The Foundation for a Meaningful Life
Kindergarten - Grade 9 in Southborough, MA

Fermi Problems

Primary School students learned about Fermi problems in a special morning meeting led by Math Department Chair Maura Oare this month. Fermi problems use estimation to solve large-scale math problems where exact measurement is difficult. For example, how many dump trucks would it take to cart away Mount Everest? While this might seem an impossible problem to solve, Fermi's strategy was to use information gleaned from smaller-scale resources to make a reasonable estimate, or in the words of one Primary School student,  "a really smart guess." Iterative refinement is at the heart of solving a Fermi problem. After setting initial parameters for the solution, a mathematician might make a preliminary estimate, but then, as they gather additional information, that estimate is refined. Maura described the process of solving a Fermi problem to students before posing a Fermi problem of her own for the students to work on: How many snap cubes laid end to end would it take to stretch across the Primary Multipurpose Room? 
Working in their community groups of mixed grades, students were given a handful of one-inch snap cubes—not enough to measure the room, but enough to develop some estimation strategies. Students started by setting parameters, picking numbers they thought would be too small or large, and making preliminary guesses at numbers that might be close to correct. Then, they worked in pairs to brainstorm strategies. Several students came up with the idea of measuring the length of their feet in snap cubes and then walking heel to toe across the room to estimate how many it would take to span the room's length. The idea caught on, and multiple students could be observed walking across the room and counting out their steps. Other groups started small by measuring how many snap cubes are in a foot's length and used that information to graduate to larger units of measurement. Having determined how many snap cubes in a student's foot and how many of those feet measured the length of a student, one group set out to calculate how many "Janies" it would take to cover the room's length.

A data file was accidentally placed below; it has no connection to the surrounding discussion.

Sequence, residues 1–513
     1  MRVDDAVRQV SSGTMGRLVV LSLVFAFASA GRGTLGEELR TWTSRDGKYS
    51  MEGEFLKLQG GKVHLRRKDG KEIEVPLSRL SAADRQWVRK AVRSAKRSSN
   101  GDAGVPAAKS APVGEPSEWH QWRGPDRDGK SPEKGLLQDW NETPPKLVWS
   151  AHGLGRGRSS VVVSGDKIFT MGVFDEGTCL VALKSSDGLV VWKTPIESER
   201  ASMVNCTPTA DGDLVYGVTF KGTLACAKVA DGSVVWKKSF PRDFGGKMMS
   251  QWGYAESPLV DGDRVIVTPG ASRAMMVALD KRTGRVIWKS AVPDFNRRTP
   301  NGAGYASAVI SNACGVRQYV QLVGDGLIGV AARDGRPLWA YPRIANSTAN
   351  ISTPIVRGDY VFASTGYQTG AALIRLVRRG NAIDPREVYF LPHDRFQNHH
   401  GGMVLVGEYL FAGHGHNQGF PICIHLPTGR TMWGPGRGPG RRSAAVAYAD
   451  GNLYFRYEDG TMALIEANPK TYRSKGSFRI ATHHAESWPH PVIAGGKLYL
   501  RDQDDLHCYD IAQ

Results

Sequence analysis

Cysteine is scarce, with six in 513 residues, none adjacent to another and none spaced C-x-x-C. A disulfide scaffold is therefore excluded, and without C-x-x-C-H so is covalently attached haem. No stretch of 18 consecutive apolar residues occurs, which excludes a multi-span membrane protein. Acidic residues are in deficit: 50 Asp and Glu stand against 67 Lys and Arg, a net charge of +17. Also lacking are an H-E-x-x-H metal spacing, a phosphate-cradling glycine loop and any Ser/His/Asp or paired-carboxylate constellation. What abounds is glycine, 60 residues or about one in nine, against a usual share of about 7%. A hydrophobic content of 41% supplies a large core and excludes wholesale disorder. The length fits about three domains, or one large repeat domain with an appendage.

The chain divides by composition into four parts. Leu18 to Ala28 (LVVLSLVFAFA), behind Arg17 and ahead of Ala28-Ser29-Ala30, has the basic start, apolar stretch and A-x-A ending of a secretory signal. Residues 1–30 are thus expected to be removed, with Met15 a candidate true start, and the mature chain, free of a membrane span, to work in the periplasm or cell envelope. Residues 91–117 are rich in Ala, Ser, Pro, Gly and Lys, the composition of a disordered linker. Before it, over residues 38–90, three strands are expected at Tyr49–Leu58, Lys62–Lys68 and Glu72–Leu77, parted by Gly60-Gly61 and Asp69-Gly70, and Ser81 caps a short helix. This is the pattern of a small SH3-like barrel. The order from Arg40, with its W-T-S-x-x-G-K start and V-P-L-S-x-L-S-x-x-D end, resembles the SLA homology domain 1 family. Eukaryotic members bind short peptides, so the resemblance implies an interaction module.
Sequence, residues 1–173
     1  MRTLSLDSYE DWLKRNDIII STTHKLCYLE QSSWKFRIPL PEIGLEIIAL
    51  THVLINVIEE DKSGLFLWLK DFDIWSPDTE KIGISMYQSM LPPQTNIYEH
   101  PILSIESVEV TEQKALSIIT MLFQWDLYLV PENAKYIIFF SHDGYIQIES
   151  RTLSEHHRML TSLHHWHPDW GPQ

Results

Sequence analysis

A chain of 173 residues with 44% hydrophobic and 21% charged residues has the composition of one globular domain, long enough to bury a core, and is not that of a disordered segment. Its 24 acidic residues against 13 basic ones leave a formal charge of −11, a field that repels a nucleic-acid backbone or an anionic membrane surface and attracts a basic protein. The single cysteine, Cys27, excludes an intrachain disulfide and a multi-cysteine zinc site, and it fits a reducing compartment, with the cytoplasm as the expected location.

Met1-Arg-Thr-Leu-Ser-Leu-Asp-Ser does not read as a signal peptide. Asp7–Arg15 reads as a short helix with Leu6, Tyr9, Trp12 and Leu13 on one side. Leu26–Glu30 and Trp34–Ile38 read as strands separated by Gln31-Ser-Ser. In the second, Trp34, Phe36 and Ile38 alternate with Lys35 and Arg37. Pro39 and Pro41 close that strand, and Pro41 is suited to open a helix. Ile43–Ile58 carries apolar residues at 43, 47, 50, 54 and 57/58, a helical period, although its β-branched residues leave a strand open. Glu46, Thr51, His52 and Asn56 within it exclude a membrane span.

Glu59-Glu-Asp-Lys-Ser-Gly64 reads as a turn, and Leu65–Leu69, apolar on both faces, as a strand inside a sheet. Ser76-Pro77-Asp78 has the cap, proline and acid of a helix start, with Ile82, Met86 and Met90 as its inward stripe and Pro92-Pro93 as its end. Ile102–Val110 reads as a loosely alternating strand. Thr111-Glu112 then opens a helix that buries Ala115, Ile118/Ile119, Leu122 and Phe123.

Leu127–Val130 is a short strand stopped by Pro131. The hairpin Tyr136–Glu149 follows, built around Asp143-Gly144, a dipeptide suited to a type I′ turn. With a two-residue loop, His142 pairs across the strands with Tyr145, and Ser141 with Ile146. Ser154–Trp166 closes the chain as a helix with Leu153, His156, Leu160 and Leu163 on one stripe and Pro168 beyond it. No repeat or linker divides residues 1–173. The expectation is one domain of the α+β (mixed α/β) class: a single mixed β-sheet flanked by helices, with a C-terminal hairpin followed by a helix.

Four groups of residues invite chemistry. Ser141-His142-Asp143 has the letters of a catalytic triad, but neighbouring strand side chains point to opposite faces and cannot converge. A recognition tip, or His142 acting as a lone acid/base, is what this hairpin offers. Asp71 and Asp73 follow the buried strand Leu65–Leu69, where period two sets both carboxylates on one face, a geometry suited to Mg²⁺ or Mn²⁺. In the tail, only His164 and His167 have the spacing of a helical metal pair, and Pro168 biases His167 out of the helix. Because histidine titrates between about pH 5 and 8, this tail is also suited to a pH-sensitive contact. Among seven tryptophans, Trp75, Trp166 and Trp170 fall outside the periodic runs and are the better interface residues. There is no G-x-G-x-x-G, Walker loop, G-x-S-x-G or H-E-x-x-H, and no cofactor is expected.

Students came together after the activity to reflect on what they had learned and to compare their final answers. While no group came up with the same answer, they found that the range of answers from 400 - 770 snap cubes was relatively small, suggesting that students had employed some good estimation strategies!
main number 508-490-8250
admission 508-490-8201